Take a walk around your neighborhood. Chances are you or someone in your community has sago palms in their yard or home. Rugged and beautiful, these plants are a common choice among landscapers and homeowners alike.
Despite their aesthetic appeal, sago palms can spell big trouble for children and pets. Every part of these plants are extremely toxic, causing severe liver damage and possibly death if ingested.
According to Better Homes & Gardens, sago palms are not true palm trees as their name and appearance would suggest. They are tropical and prefer warm climates, but are actually members of the cyad family which dates back to prehistoric times. Since they are hardy and low maintenance, many people choose to plant sago palms, unaware of the dangers they pose.
Related Post: 14 Common Plants That Are Toxic To Dogs
According to the ASPCA’s Animal Poison Control Center, there has been a 200% spike in sago palm toxicity cases since 2015, with up to 75% of those cases resulting in fatalities. This is likely due to the increasing popularity of the plants in northern states where there is less awareness of their risks.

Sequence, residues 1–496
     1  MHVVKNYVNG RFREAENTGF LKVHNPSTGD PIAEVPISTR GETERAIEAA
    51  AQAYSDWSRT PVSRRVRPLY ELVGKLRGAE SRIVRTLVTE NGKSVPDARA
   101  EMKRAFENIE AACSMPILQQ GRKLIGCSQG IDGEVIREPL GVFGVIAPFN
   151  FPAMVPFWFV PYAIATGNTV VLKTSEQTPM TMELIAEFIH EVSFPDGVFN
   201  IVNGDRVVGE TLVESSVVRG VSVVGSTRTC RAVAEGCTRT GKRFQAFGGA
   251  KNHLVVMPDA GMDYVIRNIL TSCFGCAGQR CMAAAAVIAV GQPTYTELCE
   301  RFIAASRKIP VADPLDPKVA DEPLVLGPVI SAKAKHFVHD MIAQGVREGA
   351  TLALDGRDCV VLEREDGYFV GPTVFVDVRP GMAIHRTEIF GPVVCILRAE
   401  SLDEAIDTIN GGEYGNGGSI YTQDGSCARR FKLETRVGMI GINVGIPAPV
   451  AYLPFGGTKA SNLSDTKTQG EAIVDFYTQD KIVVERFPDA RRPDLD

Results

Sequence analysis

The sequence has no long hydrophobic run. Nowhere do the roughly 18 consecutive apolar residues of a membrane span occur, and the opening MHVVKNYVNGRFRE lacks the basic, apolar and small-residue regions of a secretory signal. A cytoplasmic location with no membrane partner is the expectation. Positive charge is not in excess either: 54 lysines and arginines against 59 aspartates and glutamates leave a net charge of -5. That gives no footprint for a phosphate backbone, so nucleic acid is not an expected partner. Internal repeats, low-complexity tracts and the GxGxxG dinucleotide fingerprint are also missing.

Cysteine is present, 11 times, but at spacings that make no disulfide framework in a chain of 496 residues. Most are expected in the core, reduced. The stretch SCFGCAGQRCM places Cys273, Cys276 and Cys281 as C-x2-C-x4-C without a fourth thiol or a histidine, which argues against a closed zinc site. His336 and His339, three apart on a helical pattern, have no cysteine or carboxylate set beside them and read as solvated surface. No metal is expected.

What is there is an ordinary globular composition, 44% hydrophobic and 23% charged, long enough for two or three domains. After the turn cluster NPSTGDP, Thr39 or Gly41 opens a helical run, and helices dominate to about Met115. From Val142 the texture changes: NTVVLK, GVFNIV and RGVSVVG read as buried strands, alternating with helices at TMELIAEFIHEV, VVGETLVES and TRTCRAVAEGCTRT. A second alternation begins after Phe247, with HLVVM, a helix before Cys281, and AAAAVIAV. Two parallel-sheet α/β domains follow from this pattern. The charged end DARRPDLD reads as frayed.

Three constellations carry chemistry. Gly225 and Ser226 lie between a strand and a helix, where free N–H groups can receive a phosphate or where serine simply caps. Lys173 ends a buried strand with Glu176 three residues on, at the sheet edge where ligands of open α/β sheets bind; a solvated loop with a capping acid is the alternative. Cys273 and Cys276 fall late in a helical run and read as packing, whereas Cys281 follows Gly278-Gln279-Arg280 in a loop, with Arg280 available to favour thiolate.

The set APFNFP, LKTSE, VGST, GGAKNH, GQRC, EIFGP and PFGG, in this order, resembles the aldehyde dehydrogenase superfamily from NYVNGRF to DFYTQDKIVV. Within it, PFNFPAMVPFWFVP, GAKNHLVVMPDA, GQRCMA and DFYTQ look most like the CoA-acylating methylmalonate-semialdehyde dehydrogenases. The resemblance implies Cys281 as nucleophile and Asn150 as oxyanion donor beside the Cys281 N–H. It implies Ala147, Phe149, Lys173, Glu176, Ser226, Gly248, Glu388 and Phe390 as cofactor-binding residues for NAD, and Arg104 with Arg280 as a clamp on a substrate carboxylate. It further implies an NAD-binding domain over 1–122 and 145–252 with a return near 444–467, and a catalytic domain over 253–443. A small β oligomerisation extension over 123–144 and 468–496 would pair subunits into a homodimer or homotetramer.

“It used to be that we only got calls from places like Texas, Florida and California, but about three years ago we started seeing cases pop up other places,” says Animal Poison Control Center Medical Director, Tina Wismer.
What are the symptoms of sago palm poisoning?
Sago palms contain a toxin called cycasin throughout the entire plant with the highest concentration of poison in the seeds. Initial gastrointestinal symptoms typically appear 15 minutes to several hours after ingestion. These include:
- Loss of Appetite
Within two to three days after ingestion, dogs begin to show central nervous system signs including:
- Ataxia (loss of coordination)
Around this same time, severe liver failure begins to take hold. At this stage, dogs will continue to have gastrointestinal and neurological symptoms as well as lethargy, abnormal fluid accumulation in the abdomen, abdominal pain, jaundice, increased thirst and urination, bruising, and black-tarry stool.
If the dog is brought in for care before symptoms appear, veterinary staff may be able to induce vomiting and give activated charcoal to absorb the poison. Once physical symptoms are present and the dog’s blood shows signs of liver disease, more aggressive measures are necessary. This includes hospitalization with fluid therapy as well as blood or plasma transfusions.
Sadly, even with aggressive treatment, the survival rate of sago palm toxicity in dogs is only about 50%.
If you think your dog may have ingested sago palm, call your veterinarian or the ASPCA Animal Poison Control Center at 888-426-4435 immediately!
When it comes to your beloved pup’s life, it is always better to be safe than sorry.
H/T to Pet Poison Help Line & Pet MD
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